Pigtails and a Tool Belt by Janetta Fudge-Messmer — The Christian Romance where circumstances seem impossible. But with God – all things are possible. (Contemporary Romance from Winged Publications)

Wooing Cadie McCaffrey by Bethany Turner — After four years of dating Will, Cadie questions his love for her and sends him packing. Their breakup only makes Will more determined to become the man Cadie wants him to be. With the help of his work buddies and tactics drawn from Cadie’s favorite romantic comedies, he devises a “foolproof” plan. What could possibly go wrong? (Contemporary Romance from Revell – A Division of Baker Publishing)

General Contemporary:

Over the Waters by Deborah Raney — As “Dr. Botox” to the bored rich women of Chicago, plastic surgeon Max Jordan was shocked by the decision of his son, Joshua, to focus his medical talent on Haitian orphans. Embittered by Joshua’s death, Max searches for resolution in the very place his son called home. The selfless labor of Joshua’s coworkers stuns Max. He is particularly taken by American volunteer Valerie Austin, whose dream of a honeymoon on a tropical beach were crushed, replaced by a stint working in the impoverished orphanage. But Valerie’s view of Joshua’s sacrifice challenges everything Max has lived for. Now Max wonders if he can ever return to his “Max-a-Million” lifestyle, or if the doors to his gilded cage have finally opened. (General Contemporary from Raney Day Press)


True Freedom by Carol Ashby — When a Roman slave rescues his master’s daughter from the kidnapping arranged by her own brother, will his sacrificial service earn the freedom and love he never dreamed possible, or will it only end in death? (Historical from Cerrillo Press)

Historical Romance:

The Daughter’s Predicament by Mary Eileen Davis — Can a patient love win her heart? As Isabelle Atwood’s romance prospects are turning in her favor, a family scandal derails her dreams. While making a quilt for her own hope chest, Isabelle’s half-sister becomes pregnant out of wedlock and Isabelle–always the unfavored daughter–becomes the family sacrifice to save face. Isabelle loves her sister, but with three suitors interested, will she really allow herself to be manipulated into a marriage without love? Or will the man leaving her secret love poems sweep her off her feet? (Historical Romance from Mountain Brook Ink)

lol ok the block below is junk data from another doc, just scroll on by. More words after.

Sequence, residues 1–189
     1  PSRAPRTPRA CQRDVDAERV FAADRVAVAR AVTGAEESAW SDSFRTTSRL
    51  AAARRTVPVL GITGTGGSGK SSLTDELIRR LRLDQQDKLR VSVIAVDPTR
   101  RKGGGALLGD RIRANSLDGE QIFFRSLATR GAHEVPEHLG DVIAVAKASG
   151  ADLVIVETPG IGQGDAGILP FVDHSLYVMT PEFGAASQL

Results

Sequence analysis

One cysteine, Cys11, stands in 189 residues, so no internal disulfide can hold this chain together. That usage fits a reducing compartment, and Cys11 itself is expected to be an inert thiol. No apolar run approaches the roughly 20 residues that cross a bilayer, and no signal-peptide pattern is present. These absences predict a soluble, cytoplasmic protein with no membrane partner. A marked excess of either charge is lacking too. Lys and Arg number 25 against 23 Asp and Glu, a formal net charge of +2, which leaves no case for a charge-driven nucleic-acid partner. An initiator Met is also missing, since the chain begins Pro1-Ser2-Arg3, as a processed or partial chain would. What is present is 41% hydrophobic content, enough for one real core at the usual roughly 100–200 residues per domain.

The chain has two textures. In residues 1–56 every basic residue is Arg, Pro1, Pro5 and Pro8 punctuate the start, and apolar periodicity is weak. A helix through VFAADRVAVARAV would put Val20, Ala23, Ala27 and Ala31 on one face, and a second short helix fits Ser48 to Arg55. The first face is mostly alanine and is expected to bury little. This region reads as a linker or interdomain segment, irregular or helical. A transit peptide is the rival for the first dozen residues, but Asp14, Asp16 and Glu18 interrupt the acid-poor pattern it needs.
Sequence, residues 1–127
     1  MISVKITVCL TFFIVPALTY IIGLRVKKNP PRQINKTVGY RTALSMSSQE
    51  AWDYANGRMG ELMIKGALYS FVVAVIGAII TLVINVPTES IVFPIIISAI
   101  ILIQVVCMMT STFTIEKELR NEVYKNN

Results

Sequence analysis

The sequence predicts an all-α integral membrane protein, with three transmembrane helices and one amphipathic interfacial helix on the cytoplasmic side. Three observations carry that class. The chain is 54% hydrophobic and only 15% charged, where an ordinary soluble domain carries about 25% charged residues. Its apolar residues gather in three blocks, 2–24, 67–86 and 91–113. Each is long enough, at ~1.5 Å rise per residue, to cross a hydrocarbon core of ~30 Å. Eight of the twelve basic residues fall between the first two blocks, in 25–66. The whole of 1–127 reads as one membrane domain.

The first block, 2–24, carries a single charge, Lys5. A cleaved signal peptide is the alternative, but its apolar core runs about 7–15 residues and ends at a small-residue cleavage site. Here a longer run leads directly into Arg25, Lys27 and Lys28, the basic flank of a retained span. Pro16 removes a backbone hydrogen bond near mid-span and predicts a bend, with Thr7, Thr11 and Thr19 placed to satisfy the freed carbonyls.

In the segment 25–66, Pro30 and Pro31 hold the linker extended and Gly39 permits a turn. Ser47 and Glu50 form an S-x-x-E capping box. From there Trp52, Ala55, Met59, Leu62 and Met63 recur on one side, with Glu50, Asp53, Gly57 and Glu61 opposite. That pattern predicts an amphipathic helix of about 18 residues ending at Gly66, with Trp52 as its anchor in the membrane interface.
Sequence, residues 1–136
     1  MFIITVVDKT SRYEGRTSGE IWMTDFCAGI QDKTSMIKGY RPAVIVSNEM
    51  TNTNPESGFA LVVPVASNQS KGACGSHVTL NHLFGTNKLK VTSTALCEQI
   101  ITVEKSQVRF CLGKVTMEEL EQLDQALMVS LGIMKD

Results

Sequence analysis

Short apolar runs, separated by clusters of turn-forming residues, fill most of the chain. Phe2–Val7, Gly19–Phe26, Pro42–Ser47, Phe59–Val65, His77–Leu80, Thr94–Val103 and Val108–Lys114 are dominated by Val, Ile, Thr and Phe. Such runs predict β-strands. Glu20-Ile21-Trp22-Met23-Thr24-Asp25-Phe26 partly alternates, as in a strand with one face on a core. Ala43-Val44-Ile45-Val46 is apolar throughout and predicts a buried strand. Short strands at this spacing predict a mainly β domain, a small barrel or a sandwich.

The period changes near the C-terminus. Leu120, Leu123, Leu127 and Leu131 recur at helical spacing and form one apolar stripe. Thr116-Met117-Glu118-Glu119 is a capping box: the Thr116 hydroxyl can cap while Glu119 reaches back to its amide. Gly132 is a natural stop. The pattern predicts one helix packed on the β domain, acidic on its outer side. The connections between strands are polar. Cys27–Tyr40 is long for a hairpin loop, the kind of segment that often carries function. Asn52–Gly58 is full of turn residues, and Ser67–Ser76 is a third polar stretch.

Mail-Order Mishaps by Susan Page Davis, Linda Ford, Vickie McDonough, and Erica Vetsch — In The Bride’s Dilemma by Susan Page Davis, Eve Martin arrives in Cheyenne to learn that man she came to marry is in jail, accused of a violent murder. But has God brought her here to help save Caleb Blair’s life? In Romancing the Rancher by Linda Ford, Amelia expects a safe home for herself and her niece in Montana as mail-order bride to Zach Taggerty. Only Zach has never heard of her. In The Marriage Sham by Vickie McDonough, Texas mail-order bride Zola Bryant is a widowed newlywed. Worse, they were never truly wed because the officiant was an outlaw not a preacher. What will she do now that her life and reputation are in tatters? In The Galway Girl by Erica Vetsch, a mail-order mix-up sends Irish lass Maeve O’Reilly to the Swedish community of Lindsborg, Kansas. Will Kaspar Sandberg consider it a happy accident or a disaster to be rectified as soon as possible? (Historical Romance from Barbour Publishing)

Lord of Her Heart by Sherrinda Ketchersid — Lady Jocelyn Ashburne suspects something is amiss at her family’s castle because her father ceases to write to her. When she overhears a plot to force her into vows—either to the church or a husband—she disguises herself and flees the convent in desperation to discover the truth. Malcolm Castillon of Berkham is determined to win the next tournament and be granted a manor of his own. After years of proving his worth on the jousting field, he yearns for a life of peace. Rescuing a scrawny lad who turns out to be a beautiful woman is not what he bargained for. Still, he cannot deny that she stirs his heart like no other, in spite of her conniving ways. Chaos, deception, and treachery threaten their goals, but both are determined to succeed. Learning to trust each other might be the only way either of them survives. (Historical Romance from Lighthouse Publishing of the Carolinas)